3D printing processes are easy to implement and offer a wide variety of materials to support a part’s requirements while eliminating cost, lead time and design barriers for adopting manufacturing aids on the shop floor. 3D printed composites are an exciting new trend. Whether it is chopped carbon fiber filled into a thermoplastic or continuously laid inside of a 3D print geometry, the benefits of the strength-to-weight ratio are far superior to traditional 3D printed materials. In this blog post, we’ll compare continuous fiber, chopped fiber filled nylon and Stratasys Nylon 12CF and when it’s best to use them while 3D printing parts or prototypes.
November 20, 2018
Today, quadcopters, more commonly referred to as "Drones," have evolved into many different categories. From Scenic Quads that are GPS controlled, used to capture amazing scenery and widely used for movie/video photography to a $5 toy for an indoor flying session, drones have become instinctively popular. Now with the advancement in 3D printing materials such as thermoplastics in the Stratasys FDM family, for years we have been replacing traditional manufacturing tools and end-use parts.
September 25, 2018
We want to tell you about a great application for our Stratasys FDM printers: 3D printing sacrificial cores. This is perfect for creating composite parts (such as hollow carbon fiber auto parts) with higher precision than traditional methods. Perhaps the best part is that it doesn’t require much complexity or expense on the 3D printing side, and the results are arguably better than you get with traditional methods. You’re getting the end-use part, in the real composite material, but with more design flexibility and smooth surfaces inside and out.
September 4, 2018
3D printing processes are easy to implement and offer a wide variety of materials to support a part’s requirements while eliminating cost, lead time and design barriers to adopting manufacturing aids on the shop floor. 3D printed jigs and fixtures open up new possibilities for manufacturing-floor productivity, with fast and nearly labor-free production that doesn't require the overhead of highly skilled CAM programmers and machinists.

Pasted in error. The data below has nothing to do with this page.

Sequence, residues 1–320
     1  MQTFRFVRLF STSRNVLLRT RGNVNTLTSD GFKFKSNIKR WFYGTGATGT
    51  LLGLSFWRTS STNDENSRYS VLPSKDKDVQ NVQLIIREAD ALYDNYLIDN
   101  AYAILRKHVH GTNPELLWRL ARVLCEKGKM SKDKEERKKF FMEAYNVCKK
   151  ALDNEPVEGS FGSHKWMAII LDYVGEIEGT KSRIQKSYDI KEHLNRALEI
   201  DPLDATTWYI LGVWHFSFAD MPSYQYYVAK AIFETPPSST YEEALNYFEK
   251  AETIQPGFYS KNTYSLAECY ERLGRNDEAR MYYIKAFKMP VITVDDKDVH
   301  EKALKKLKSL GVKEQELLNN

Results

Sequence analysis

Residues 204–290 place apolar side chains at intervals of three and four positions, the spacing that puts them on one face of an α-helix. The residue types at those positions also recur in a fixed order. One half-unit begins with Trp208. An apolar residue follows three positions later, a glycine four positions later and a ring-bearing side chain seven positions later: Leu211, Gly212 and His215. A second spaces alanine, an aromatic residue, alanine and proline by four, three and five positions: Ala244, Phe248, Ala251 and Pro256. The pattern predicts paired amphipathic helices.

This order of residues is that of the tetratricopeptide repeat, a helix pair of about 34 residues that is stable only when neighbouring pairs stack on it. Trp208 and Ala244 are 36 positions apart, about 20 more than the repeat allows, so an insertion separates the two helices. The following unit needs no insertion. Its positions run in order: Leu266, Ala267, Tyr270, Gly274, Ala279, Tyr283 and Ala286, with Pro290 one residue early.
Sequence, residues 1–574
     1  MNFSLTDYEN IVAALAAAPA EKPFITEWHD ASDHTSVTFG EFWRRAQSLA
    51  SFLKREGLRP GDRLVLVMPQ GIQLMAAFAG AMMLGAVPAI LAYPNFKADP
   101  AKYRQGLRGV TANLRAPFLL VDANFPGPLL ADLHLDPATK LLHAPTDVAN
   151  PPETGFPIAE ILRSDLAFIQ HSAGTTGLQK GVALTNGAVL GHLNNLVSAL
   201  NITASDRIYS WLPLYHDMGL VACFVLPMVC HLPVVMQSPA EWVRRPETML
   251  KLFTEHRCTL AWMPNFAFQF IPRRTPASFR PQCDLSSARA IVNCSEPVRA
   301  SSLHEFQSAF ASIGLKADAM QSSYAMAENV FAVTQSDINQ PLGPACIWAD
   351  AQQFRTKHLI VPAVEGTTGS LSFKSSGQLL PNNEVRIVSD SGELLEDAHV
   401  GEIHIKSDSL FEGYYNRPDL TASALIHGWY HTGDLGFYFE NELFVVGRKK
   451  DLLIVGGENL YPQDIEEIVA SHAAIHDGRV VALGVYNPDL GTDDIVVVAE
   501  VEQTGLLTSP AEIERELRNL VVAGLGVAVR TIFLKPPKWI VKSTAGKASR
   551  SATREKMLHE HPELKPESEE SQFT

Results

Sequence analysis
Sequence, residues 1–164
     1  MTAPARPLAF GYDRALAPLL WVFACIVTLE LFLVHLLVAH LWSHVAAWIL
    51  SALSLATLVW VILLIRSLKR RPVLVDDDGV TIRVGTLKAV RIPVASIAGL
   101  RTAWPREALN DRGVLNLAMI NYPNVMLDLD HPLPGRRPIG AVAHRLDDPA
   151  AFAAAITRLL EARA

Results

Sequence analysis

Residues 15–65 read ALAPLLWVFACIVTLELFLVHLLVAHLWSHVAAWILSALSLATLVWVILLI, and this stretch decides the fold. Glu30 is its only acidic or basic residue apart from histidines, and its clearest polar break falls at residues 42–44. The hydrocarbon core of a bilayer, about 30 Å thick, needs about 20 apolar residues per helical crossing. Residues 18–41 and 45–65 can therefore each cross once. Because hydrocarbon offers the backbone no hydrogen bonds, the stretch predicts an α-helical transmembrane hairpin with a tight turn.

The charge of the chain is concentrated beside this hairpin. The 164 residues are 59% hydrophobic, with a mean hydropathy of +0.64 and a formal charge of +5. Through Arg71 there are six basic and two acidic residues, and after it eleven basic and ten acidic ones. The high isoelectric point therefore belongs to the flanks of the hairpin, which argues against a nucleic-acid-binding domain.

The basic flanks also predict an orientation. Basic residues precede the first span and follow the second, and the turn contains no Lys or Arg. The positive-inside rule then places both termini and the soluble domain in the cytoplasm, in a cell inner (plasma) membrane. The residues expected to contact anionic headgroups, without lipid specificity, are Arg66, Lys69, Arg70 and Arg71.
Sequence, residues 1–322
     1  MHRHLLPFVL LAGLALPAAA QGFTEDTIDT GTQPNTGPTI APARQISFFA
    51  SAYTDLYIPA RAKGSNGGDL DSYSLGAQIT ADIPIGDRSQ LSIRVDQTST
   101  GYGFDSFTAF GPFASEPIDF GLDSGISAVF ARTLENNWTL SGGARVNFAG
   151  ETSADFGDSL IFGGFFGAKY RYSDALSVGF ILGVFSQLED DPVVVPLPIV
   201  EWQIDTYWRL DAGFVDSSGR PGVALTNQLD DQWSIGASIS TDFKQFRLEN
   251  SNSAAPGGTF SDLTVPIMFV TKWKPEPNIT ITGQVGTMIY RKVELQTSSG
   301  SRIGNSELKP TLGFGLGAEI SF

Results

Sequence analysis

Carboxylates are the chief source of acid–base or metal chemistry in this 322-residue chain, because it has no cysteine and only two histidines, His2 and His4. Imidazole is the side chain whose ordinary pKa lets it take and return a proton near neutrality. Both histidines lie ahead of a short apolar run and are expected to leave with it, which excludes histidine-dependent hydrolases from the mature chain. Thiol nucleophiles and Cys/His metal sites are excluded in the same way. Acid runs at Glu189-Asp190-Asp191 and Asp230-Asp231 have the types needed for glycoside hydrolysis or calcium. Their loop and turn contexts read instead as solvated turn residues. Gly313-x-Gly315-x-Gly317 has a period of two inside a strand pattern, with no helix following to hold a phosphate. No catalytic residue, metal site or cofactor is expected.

The fact that most companies have had 3D printers or an additive manufacturing center in-house for years now is not surprising. Stratasys systems are more than capable to do whatever we throw at them. For the purposes of comparing a week's worth of productivity with and without 3D printer training, I decided to explore one of our current client's workflows. This client owns two of Stratasys' newest FDM systems, the Fortus 450mc and an F370mc.
October 31, 2017
Things are getting spooky in the TriMech office, as we demonstrate how you can maximize your scan-to-print capabilities on a real pumpkin. Watch the on-demand webinar below for tips on optimizing your reverse engineering workflow and integrating scanning, design and printing solutions.
September 28, 2017
Think of an object or scenario that you want to capture and render into a CAD software. Imagine the color, transparency, surface finish and size. Is it compatible to 3D scan? If so, what 3D scanning technology (or technologies) make the most sense to use?
In this blog, we explore how to choose and use multiple scanners in the same scanned file. Here's how:
3D scanning is growing in popularity, becoming incorporated in every vertical from Engineering and Design, to Architecture and Science, to Sculpture reconstruction and Healthcare. This technology is nimble, showing off its speed for reverse engineering, data acquisition and communication. Many industries are benefiting from 3D scanning applications — particularly the Medical Industry.
Here is how 3D scanning can be used in the following medical sectors:
Depending on your manufacturing sector, you likely use a variety of applications from tooling to jigs and fixtures to production parts. In this blog, we cover three of those tooling applications, specifically highlighting injection molding/blow molding, metal hydroforming/thermoforming and carbon fiber layups/soluble cores.
If you have not heard about the term 3DIM or 3D injection molds, it has been around for several years. Originally, this started with prototype injection molds out of aluminum and served the purpose of pre-phase or beta versions and functional testing for the R&D process. While this process was faster than using traditional P21 tooling, it still required a large investment of time and money to get a simple tool. Thanks to 3DIM and Stratasys PolyJet 3D printers, we now have a more streamlined process.
3D scanning is an increasingly popular technology, especially when it comes to reverse engineering. In this blog, I outline why 3D scanning solutions are making their way into companies, their relationship with reverse engineering and how you can incorporate this technology in your design workflow.
Our Q&A blog series looks at different members of our team and their perspective on the most current 3D printing and SOLIDWORKS CAD technology. This month’s Q&A features Juan Carlos Gandiaga and 3D Scanning.